1. food for domestic livestock;
[syn: feed, provender]
1. provide as food;
- Example: "Feed the guests the nuts"
2. give food to;
- Example: "Feed the starving children in India"
- Example: "don't give the child this tough meat"
[syn: feed, give]
3. feed into; supply;
- Example: "Her success feeds her vanity"
4. introduce continuously;
- Example: "feed carrots into a food processor"
[syn: feed, feed in]
5. support or promote;
- Example: "His admiration fed her vanity"
6. take in food; used of animals only;
- Example: "This dog doesn't eat certain kinds of meat"
- Example: "What do whales eat?"
[syn: feed, eat]
7. serve as food for; be the food for;
- Example: "This dish feeds six"
8. move along, of liquids;
- Example: "Water flowed into the cave"
- Example: "the Missouri feeds into the Mississippi"
[syn: run, flow, feed, course]
9. profit from in an exploitatory manner;
- Example: "He feeds on her insecurity"
[syn: prey, feed]
- Example: "feed one's eyes on a gorgeous view"
[syn: feed, feast]
11. provide with fertilizers or add nutrients to;
- Example: "We should fertilize soil if we want to grow healthy plants"
[syn: fertilize, fertilise, feed]
The Collaborative International Dictionary of English v.0.48:
Fee \Fee\ (f[=e]), v. t. [imp. & p. p. Feed (f[=e]d); p. pr. & vb. n. Feeing.] To reward for services performed, or to be performed; to recompense; to hire or keep in hire; hence, to bribe. [1913 Webster] The patient . . . fees the doctor. --Dryden. [1913 Webster] There's not a one of them but in his house I keep a servant feed. --Shak. [1913 Webster]The Collaborative International Dictionary of English v.0.48:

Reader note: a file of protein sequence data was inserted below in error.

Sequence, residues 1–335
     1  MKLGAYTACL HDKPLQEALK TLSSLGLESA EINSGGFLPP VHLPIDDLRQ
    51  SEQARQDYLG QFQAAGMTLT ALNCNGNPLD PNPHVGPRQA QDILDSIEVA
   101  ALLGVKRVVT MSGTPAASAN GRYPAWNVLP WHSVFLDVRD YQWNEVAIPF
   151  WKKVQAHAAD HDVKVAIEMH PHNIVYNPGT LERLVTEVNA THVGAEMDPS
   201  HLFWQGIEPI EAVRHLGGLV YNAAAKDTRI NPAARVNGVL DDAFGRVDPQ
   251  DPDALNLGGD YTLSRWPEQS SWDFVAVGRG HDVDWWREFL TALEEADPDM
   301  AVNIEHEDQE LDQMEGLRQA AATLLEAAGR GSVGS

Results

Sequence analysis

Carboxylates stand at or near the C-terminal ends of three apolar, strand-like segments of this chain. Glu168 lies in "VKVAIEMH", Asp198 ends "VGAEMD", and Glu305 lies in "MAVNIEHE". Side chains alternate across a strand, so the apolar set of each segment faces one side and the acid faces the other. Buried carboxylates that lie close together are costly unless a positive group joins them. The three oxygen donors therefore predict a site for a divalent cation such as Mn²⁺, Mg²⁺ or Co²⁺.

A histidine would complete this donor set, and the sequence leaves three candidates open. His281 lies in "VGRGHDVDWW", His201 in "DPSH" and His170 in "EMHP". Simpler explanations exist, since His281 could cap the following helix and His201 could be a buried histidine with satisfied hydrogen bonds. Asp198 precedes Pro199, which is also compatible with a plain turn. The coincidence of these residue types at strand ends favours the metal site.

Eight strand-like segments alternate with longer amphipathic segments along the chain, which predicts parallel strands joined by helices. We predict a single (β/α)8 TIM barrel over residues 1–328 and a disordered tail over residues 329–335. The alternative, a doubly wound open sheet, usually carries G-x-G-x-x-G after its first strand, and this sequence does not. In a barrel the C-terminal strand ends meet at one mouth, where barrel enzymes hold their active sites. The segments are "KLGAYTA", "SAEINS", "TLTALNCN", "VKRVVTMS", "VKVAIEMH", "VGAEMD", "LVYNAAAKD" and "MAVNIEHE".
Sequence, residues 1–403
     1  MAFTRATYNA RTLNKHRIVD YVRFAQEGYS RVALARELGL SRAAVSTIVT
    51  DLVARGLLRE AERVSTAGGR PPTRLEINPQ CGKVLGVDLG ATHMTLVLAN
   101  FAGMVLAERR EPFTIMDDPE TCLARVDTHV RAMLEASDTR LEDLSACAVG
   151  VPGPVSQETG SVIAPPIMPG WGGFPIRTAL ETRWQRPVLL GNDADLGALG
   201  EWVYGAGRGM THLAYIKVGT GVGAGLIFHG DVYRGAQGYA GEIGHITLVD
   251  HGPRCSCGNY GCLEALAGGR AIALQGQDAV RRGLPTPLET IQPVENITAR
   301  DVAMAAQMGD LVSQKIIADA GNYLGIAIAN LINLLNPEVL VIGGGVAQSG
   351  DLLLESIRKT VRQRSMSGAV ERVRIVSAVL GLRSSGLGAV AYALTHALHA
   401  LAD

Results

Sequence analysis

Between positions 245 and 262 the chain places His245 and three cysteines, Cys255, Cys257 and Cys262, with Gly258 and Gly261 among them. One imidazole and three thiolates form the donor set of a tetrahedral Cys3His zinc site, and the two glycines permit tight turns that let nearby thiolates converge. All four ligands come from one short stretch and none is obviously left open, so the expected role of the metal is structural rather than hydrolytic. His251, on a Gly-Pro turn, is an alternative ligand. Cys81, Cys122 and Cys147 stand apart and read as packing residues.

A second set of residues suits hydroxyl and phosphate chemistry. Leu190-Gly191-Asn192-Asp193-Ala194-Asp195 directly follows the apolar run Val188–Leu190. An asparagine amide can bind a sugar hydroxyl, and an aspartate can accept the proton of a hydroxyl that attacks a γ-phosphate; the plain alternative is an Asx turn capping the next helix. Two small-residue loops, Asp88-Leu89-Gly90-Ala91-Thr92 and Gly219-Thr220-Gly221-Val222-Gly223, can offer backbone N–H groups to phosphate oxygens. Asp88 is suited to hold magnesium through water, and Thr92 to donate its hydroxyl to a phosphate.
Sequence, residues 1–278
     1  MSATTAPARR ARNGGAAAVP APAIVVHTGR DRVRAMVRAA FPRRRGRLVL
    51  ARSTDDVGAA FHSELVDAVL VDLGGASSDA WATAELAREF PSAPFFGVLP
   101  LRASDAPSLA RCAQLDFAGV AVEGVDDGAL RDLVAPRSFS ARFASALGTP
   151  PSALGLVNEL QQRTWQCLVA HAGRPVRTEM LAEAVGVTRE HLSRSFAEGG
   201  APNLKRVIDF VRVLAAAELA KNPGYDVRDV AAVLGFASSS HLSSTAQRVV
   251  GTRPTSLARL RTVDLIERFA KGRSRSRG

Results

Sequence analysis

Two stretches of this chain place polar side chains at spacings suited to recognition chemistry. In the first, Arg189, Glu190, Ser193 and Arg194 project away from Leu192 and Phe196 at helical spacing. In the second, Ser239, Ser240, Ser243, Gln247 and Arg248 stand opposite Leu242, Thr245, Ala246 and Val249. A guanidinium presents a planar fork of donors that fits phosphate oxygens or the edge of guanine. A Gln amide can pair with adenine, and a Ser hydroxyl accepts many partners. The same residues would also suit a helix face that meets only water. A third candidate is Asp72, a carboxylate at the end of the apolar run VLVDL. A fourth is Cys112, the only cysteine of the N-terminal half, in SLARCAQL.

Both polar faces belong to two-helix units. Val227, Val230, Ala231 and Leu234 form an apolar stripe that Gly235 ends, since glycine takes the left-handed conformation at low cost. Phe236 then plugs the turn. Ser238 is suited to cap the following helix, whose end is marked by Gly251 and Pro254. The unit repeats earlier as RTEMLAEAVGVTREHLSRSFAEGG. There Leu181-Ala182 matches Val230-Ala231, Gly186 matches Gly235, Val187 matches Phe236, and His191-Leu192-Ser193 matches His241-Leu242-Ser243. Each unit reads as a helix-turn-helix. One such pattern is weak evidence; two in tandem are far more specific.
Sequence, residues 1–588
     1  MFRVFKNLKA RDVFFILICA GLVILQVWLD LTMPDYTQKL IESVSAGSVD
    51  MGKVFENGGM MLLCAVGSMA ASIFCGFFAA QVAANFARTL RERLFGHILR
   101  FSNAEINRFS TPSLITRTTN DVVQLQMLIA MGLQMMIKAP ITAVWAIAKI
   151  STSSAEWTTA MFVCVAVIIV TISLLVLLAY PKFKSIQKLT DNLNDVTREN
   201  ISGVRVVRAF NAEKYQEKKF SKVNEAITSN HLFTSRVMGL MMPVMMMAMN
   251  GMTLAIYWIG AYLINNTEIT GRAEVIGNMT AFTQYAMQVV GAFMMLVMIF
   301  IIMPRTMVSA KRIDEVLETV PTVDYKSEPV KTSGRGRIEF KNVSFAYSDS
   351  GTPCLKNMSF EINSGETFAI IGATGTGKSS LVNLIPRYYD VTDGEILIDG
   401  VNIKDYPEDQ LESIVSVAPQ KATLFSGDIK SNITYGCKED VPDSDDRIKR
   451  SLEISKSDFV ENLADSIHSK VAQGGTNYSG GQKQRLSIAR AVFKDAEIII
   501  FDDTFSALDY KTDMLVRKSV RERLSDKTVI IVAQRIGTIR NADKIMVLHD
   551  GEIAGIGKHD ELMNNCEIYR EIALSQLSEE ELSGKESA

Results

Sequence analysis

Feed \Feed\ (f[=e]d), v. t. [imp. & p. p. Fed (f[e^]d); p. pr. & vb. n. Feeding.] [AS. f[=e]dan, fr. f[=o]da food; akin to OS. f[=o]dian, OFries. f[=e]da, f[=o]da, D. voeden, OHG. fuottan, Icel. f[ae][eth]a, Sw. f["o]da, Dan. f["o]de. [root]75. See Food.] 1. To give food to; to supply with nourishment; to satisfy the physical huger of. [1913 Webster] If thine enemy hunger, feed him. --Rom. xii. 20. [1913 Webster] Unreasonable creatures feed their young. --Shak. [1913 Webster] 2. To satisfy; gratify or minister to, as any sense, talent, taste, or desire. [1913 Webster] I will feed fat the ancient grudge I bear him. --Shak. [1913 Webster] Feeding him with the hope of liberty. --Knolles. [1913 Webster] 3. To fill the wants of; to supply with that which is used or wasted; as, springs feed ponds; the hopper feeds the mill; to feed a furnace with coal. [1913 Webster] 4. To nourish, in a general sense; to foster, strengthen, develop, and guard. [1913 Webster] Thou shalt feed my people Israel. --2 Sam. v. 2. [1913 Webster] Mightiest powers by deepest calms are fed. --B. Cornwall. [1913 Webster] 5. To graze; to cause to be cropped by feeding, as herbage by cattle; as, if grain is too forward in autumn, feed it with sheep. [1913 Webster] Once in three years feed your mowing lands. --Mortimer. [1913 Webster] 6. To give for food, especially to animals; to furnish for consumption; as, to feed out turnips to the cows; to feed water to a steam boiler. [1913 Webster] 7. (Mach.) (a) To supply (the material to be operated upon) to a machine; as, to feed paper to a printing press. (b) To produce progressive operation upon or with (as in wood and metal working machines, so that the work moves to the cutting tool, or the tool to the work). [1913 Webster]The Collaborative International Dictionary of English v.0.48: